“Hundreds of thousands of people a day will be getting coronavirus vaccines next week, the prime minister has promised as the NHS plans a “huge acceleration” in the programme. Boris Johnson said that the country was in a “race against time” to vaccinate as many people as possible, promising that the government was “throwing everything at it, round the clock”. Army logistics chiefs have been brought in to use “battle preparation techniques to help us keep up the pace”, he said. The prime minister has promised to have offered injections to the top four priority groups by February 15, but stopped short yesterday of setting a numerical target for vaccination by this point. He said only that up to 15 million inoculations across the UK were “doable” by the middle of next month.” – The Times

  • Johnson vows everyone in UK will be within 10 miles of vaccination centre – The Sun
  • Government still hopes to reach target of inoculating 14m people despite ‘bumps in the road’ – FT
  • Hancock red-faced after visiting GP surgery for vaccine rollout where delivery doesn’t arrive – The Sun
  • Police could be prioritised for jabs alongside teachers, says Hancock – Daily Telegraph
  • Army ready to deploy 21 ‘jab squads’ – The Sun
  • Sturgeon pledges that all Scots over 80 to be vaccinated within four weeks – Daily Telegraph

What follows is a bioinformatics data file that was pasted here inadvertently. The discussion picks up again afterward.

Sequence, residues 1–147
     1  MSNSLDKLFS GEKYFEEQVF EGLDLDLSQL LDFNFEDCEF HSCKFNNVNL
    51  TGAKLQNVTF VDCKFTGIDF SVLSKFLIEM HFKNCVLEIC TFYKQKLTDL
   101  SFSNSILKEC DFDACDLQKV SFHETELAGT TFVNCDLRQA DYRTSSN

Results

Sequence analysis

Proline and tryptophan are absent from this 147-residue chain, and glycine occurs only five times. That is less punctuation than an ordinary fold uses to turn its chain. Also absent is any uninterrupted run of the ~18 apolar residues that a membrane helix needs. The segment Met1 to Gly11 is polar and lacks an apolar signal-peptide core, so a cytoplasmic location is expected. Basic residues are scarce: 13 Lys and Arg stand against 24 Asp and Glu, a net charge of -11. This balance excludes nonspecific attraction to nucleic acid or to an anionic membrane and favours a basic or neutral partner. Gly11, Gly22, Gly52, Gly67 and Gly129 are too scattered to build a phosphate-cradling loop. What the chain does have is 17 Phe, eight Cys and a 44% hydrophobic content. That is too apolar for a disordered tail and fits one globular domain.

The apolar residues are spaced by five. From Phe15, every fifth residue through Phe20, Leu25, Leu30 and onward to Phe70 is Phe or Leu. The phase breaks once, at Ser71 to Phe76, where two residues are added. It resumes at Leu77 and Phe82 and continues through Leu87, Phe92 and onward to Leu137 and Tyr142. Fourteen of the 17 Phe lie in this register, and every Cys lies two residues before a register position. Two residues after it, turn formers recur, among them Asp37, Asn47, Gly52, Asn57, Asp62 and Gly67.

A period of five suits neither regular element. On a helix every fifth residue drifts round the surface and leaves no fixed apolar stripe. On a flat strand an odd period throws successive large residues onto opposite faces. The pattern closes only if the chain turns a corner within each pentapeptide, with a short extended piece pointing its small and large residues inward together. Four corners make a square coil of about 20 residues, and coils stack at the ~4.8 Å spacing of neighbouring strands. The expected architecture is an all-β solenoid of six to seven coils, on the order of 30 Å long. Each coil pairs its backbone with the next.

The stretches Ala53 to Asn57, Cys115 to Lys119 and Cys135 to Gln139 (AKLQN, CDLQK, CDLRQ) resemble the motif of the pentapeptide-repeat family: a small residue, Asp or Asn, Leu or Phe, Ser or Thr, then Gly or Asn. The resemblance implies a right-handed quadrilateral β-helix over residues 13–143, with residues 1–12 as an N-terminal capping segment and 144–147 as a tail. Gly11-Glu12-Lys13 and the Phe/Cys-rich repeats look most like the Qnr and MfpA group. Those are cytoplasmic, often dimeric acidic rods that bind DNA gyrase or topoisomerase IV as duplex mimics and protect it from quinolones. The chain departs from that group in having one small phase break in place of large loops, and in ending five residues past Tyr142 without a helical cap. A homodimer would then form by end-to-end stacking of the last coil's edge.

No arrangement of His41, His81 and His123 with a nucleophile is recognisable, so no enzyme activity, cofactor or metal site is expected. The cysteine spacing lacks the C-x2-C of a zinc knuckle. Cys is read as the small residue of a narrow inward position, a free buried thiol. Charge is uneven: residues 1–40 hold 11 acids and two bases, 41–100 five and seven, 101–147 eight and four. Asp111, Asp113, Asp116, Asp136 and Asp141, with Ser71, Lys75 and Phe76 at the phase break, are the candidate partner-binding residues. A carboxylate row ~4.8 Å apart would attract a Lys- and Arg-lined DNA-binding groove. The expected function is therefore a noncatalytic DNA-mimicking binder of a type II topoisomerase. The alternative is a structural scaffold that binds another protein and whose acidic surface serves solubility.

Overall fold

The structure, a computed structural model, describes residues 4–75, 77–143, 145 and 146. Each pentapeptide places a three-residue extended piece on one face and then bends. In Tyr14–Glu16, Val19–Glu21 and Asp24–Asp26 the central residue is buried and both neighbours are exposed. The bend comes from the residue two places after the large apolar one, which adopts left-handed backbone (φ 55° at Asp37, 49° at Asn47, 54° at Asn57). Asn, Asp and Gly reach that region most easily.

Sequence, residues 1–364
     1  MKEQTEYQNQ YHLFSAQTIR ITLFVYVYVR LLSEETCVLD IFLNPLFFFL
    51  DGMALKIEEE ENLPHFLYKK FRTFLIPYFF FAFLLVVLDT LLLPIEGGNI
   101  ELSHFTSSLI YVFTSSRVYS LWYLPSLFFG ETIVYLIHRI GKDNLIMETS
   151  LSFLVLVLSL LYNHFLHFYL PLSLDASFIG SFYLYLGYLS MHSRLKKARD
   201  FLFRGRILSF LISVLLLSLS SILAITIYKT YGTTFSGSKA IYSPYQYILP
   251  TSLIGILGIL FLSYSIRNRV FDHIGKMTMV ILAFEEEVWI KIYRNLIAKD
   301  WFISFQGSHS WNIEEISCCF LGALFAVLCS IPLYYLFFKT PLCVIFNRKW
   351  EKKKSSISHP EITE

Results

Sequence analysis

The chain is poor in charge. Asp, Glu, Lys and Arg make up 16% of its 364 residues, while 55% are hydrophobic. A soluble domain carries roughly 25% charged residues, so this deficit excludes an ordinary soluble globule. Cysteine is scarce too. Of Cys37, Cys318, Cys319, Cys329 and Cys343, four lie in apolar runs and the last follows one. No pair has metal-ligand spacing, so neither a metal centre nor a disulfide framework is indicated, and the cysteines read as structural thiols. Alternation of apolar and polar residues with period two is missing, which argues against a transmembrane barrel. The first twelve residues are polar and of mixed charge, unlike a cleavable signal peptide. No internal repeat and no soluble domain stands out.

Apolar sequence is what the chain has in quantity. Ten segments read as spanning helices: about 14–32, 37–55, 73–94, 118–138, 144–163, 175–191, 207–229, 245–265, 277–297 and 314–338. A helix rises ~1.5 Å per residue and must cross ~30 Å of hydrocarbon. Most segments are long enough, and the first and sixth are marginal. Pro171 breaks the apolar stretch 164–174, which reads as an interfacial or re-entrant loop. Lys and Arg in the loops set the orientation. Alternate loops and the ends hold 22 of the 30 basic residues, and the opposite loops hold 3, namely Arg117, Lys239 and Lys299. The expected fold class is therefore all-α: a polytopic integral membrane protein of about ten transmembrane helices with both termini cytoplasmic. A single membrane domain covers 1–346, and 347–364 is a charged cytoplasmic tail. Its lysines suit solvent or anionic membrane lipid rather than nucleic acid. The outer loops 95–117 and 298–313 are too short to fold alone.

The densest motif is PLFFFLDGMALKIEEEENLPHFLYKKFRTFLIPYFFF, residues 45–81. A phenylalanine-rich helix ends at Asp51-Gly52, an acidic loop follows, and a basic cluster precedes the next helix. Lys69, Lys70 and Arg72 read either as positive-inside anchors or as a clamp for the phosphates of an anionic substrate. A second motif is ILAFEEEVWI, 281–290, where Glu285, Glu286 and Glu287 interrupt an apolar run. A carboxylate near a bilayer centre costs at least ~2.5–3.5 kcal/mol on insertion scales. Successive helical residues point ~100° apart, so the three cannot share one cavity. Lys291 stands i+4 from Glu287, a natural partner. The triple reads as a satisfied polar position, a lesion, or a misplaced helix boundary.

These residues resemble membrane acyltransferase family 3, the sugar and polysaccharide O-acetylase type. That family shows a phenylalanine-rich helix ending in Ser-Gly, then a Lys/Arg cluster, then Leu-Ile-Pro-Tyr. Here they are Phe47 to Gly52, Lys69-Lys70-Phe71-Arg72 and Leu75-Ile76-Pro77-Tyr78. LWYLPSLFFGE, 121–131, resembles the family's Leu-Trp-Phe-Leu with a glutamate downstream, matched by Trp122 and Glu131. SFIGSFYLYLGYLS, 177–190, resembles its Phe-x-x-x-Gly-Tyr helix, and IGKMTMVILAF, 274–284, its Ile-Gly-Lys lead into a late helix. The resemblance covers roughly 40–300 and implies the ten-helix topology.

Treasury set to bailout a million small businesses ineligible for previous Covid support

“The Treasury is finally considering a scheme to bailout up to a million small business owners excluded from previous Covid support, The Sun can reveal. A team of Treasury officials are scrutinising a proposal that would see the Government pay up to 80 per cent of lost trading profits of sole directors of limited companies. The Directors Income Support Scheme would pay grants of up to £7,500 to cover three months of lost trading profits and would be limited to those who earn less than £50,000 a year. Initial estimates have put the cost of the scheme between £2-3 billion depending on take-up. A government source insisted there was still no guarantee that the scheme will be introduced as there are still several loopholes to close down to avoid fraud, waste and legal challenges.” – The Sun

Hancock ‘reveals the four things that need to happen’ before lockdown eases

“Matt Hancock today insisted vaccines will mean this is the last national lockdown as he set out four criteria for lifting restrictions. The Health Secretary tried to strike an optimistic tone as he faced questions over the delay in bringing in the brutal curbs to control the mutant Covid strain as he gave evidence to MPs this afternoon. Asked if this would be the ‘last of the lockdowns’ due to the availability of vaccines, he said: ‘I do, yes.’ And he also laid out the elements that will need to fall into place to ease the brutal curbs – that cases and deaths are falling, vaccines are working, and there is no ‘major’ new variant causing trouble. Health committee chair Jeremy Hunt challenged Mr Hancock that by the end of last week it was known that the number of hospital patients was above the first wave, while SAGE had advised that the R number would not stay below one while schools were open.” – Daily Mail